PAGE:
Paying off the mortgage is important to me. And this is reflected in my spending now. However there are some repairs that will need to be taken care of. I will need to watch my current spending to see where I can take some out of the envelope and put it into a “Repairs” envelope.
Hi My name is Sonia . Iam 43 years old . I have got 4 beautiful girls . For me what is really important for me first is my healthy and my children . Another priority I realize myself that is really important for me my house .Another eg : as well pay your bills another priority, . Budget for education . Iam trying still understand my budget I believe no lost myself in same ways . I want build my knowledge how to budget more for better future. I want join the class and understand more . Car is not priority example. I want do better my budget .
My direction that I want to take is that of saving a bit more, in order to be able to enjoy a bit more freedom in retirement, rather than recklessly spending money on items that are not needed (they may be wanted, but not needed) and that don’t contribute in any way to ones overall happiness and fulfilment.
My Priorities also shift . Right now I am trying to break the cycle of living paycheck to paycheck. I want to start saving more so that I have more for buying Christmas Presents for my family and a future vacation.
I am 80 years old and my wife’s and my social security are our income. She refuses to come on board with the budgeting, so she just gets a weekly allowance for groceries and personals. She does very good with “her money”. I am trying to pay off some medical debt that is interest free, and just keep my head above water. Our car is old and needing expensive repairs, but I don’t have the money and can’t afford payments to get another one. I don’t know which direction may map is taking me. I trust that God is leading me in the right direction.
I like traveling and hobbies like kayaking, skiing a lot. And I do put money in hobbies as a big portion besides the living basic.
But I take improving live safety and quality as the most important thing.
So I decided to first spend my savings to exchange current small apartment to a medium size apartment even I am still single. It will give me more space when working from home, also closer to friends, more sunshine at balcony, more proper space to start raising a cat, and welcome my parents to 1-2 month stay during summer!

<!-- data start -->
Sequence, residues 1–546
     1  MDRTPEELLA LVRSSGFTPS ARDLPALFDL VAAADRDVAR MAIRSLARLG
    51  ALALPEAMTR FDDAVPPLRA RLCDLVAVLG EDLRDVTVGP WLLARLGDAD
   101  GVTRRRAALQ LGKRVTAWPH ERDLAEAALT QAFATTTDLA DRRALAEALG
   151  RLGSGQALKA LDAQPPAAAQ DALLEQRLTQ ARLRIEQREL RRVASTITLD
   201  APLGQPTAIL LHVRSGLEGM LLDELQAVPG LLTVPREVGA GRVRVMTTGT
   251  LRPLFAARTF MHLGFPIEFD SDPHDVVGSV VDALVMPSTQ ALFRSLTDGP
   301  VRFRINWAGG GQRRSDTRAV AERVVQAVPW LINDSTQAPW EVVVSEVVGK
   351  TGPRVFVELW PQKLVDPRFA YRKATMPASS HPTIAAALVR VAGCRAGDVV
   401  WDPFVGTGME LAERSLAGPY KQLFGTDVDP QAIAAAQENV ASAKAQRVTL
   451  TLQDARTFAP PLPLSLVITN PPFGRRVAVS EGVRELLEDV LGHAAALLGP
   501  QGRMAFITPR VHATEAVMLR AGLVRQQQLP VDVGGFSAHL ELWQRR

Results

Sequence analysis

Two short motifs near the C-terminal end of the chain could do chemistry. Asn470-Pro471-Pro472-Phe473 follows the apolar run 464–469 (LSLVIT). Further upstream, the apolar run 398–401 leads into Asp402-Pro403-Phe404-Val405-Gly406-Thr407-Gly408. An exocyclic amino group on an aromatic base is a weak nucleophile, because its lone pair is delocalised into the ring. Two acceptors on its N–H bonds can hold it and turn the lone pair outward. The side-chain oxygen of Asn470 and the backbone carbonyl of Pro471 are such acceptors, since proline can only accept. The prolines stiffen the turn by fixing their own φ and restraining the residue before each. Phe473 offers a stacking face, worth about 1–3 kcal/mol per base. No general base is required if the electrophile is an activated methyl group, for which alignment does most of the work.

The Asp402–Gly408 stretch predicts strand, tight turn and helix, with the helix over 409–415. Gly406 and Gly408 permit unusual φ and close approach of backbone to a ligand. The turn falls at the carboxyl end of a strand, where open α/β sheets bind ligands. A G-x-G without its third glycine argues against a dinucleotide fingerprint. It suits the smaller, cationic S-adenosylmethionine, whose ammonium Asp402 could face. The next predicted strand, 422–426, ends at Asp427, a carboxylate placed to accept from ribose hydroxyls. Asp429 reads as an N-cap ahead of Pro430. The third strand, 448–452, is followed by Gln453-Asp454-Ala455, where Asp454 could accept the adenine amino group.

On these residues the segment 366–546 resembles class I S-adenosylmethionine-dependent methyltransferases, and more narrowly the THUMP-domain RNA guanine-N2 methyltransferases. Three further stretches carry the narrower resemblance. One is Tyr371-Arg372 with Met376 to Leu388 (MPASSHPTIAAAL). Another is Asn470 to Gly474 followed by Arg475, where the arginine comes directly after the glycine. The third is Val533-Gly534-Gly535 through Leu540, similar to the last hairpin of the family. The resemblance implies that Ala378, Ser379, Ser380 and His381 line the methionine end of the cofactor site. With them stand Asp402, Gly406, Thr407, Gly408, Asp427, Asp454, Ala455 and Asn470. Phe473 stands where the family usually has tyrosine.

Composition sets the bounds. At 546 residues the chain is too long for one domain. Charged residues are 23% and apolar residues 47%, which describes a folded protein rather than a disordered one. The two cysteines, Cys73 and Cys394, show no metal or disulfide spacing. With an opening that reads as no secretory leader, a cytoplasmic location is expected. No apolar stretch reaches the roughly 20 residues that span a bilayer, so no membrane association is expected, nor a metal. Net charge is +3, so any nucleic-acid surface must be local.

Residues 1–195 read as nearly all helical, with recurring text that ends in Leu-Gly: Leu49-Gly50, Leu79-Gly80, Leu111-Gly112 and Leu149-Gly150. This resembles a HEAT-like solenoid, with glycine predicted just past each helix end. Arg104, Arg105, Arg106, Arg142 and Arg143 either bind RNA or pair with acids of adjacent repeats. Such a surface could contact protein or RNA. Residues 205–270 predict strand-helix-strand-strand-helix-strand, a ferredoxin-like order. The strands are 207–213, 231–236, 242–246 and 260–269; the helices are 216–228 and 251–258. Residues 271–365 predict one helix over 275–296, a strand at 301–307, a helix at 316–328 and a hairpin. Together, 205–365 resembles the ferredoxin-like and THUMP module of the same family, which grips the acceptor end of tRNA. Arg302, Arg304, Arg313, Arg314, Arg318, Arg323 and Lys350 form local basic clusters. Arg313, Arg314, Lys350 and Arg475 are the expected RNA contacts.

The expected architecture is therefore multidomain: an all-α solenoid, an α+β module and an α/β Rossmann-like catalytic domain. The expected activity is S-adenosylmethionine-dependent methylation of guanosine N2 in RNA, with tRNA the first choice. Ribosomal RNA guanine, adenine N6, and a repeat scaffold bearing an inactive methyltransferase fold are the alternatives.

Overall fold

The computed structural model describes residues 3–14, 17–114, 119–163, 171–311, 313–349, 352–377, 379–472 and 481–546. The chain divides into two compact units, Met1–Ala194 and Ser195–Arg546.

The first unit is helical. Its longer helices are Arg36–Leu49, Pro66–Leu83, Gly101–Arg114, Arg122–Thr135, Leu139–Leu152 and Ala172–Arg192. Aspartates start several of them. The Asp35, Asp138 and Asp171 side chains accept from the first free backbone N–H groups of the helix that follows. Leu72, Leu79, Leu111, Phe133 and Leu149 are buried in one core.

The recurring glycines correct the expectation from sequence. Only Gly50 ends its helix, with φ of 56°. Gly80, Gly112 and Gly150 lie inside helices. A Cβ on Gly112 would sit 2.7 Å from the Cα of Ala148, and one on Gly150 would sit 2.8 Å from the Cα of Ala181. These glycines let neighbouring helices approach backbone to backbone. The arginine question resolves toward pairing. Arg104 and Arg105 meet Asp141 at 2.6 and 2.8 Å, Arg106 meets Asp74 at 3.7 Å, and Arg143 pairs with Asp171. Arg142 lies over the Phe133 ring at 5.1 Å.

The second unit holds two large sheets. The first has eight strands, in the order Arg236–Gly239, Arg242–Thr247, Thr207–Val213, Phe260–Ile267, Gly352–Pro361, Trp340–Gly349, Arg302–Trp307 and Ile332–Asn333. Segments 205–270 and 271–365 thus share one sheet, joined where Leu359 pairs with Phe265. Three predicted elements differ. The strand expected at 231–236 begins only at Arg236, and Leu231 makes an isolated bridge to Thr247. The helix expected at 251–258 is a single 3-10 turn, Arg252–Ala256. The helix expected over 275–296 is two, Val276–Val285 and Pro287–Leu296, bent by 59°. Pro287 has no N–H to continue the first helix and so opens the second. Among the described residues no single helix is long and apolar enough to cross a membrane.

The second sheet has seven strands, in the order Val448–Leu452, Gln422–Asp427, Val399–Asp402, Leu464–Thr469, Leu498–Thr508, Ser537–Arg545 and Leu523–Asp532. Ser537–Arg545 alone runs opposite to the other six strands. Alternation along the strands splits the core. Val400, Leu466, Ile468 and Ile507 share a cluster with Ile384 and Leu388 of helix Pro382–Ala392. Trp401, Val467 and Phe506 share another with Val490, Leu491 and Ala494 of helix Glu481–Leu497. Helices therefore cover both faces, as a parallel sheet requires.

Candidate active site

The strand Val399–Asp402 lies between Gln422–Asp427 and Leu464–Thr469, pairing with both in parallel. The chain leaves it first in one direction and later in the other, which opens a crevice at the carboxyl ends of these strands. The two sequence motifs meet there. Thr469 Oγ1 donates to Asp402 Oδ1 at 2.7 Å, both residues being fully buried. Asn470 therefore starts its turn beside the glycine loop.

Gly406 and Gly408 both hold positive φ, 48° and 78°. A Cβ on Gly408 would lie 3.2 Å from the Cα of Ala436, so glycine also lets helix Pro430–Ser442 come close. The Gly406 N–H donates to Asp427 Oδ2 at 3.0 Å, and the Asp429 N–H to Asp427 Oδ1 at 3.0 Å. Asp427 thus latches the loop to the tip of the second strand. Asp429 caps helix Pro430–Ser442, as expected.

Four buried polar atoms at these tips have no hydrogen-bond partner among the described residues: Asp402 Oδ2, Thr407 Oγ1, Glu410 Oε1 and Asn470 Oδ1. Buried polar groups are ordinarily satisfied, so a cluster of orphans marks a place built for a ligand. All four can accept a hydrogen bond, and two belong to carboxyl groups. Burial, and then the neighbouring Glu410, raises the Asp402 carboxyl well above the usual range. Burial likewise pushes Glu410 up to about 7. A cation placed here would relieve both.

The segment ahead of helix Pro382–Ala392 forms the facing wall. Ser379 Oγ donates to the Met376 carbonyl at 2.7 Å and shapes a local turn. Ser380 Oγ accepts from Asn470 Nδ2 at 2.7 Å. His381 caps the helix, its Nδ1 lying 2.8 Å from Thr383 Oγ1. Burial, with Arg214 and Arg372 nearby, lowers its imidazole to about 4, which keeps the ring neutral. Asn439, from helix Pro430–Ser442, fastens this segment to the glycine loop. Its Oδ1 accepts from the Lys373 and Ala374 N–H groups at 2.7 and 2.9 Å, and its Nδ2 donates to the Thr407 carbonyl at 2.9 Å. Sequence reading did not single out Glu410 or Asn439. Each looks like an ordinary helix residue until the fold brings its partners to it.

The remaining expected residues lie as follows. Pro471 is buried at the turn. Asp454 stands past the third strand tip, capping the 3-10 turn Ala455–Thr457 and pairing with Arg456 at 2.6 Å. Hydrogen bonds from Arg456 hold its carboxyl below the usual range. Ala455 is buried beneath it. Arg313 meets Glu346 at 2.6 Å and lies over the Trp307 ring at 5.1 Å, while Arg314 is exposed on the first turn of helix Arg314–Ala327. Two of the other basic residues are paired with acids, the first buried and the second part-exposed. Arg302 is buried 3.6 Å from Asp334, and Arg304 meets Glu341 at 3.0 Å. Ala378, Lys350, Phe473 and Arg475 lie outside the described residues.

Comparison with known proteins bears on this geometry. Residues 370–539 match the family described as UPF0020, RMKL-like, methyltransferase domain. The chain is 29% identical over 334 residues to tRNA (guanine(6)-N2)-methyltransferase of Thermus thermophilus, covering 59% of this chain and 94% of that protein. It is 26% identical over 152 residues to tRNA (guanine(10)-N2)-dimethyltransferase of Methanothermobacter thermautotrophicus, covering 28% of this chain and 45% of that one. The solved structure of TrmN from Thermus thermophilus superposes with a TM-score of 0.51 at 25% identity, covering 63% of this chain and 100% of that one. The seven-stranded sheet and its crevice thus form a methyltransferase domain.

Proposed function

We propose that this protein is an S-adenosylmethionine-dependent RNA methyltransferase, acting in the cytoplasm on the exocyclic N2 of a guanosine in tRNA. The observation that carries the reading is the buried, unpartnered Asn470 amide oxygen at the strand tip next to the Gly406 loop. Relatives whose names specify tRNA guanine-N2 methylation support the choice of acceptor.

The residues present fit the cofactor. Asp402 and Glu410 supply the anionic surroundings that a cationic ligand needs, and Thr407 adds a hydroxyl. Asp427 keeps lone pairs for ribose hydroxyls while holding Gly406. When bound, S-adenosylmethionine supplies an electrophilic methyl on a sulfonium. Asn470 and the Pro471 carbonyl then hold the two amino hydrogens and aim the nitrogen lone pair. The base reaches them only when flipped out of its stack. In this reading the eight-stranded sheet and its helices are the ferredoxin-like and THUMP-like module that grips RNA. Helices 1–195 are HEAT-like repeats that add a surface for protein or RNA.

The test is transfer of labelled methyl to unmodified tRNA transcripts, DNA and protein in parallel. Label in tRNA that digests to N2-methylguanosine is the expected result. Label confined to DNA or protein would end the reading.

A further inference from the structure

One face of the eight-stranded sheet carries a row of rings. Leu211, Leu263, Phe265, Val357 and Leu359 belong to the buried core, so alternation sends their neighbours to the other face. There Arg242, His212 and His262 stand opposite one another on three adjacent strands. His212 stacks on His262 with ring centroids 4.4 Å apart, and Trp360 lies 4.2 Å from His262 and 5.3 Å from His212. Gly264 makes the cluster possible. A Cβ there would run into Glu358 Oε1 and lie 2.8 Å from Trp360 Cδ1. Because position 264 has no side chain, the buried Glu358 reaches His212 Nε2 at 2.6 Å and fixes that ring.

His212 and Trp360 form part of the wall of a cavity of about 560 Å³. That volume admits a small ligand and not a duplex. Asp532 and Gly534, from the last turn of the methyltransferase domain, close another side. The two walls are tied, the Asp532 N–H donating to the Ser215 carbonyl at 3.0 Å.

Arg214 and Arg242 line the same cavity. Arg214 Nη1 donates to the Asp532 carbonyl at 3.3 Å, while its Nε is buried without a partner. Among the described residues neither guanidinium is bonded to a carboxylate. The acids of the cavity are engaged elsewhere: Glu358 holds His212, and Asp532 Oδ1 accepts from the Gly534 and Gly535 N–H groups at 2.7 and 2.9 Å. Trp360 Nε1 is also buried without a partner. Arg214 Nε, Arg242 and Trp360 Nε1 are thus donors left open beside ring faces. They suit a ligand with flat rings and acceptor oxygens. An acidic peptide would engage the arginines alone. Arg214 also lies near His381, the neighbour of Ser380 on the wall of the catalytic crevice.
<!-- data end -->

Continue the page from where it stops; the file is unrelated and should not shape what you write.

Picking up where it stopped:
This change not only using my most savings but also meaning extra monthly cost 10% of my current salary.
While I am not going to sacrifice my saving plan after exchanging apartment, I need to bring down other cost. The first thing would be “eat out” but I will still keep the social purpose of eat out, so I need to squeeze other cost as well, then hobby comes next, the biggest cost is skiing. It do bring a lot of energy and happiness for me during dark winters, but I have to think about replacement (not fully, but not as often as I use to ski and the part spend on equipment I will see if buying proposer second hand will help).
My habits that seemed to be important to me were on necessities I needed, and I do believe these were important to me.
I definitely believe I have my priorities on things such as bills and necessities, so I believe it’s okay and good to spend money on those things. I think there are certain things I can cut back on for sure like holding on unnecessary household appliances, or trying to be more conscious about my transportation and fuel.
I think what’s really important is that even though I might have these financial mistakes or hiccups in my transactions, we’re all learning and we’re all growing. We’re learning ways we might’ve slipped up in our spending, but more importantly we’re sharing and we’re learning from each other to learn how or what we can do better.
The two things most important to me, are tithing (10% of gross salary) and saving for retirement, which, hopefully, will happen within the next five years (if the stock market will cooperate!). If we can see where we are spending our money, we can identify where we can cut expenses to stash away a little more money for the future.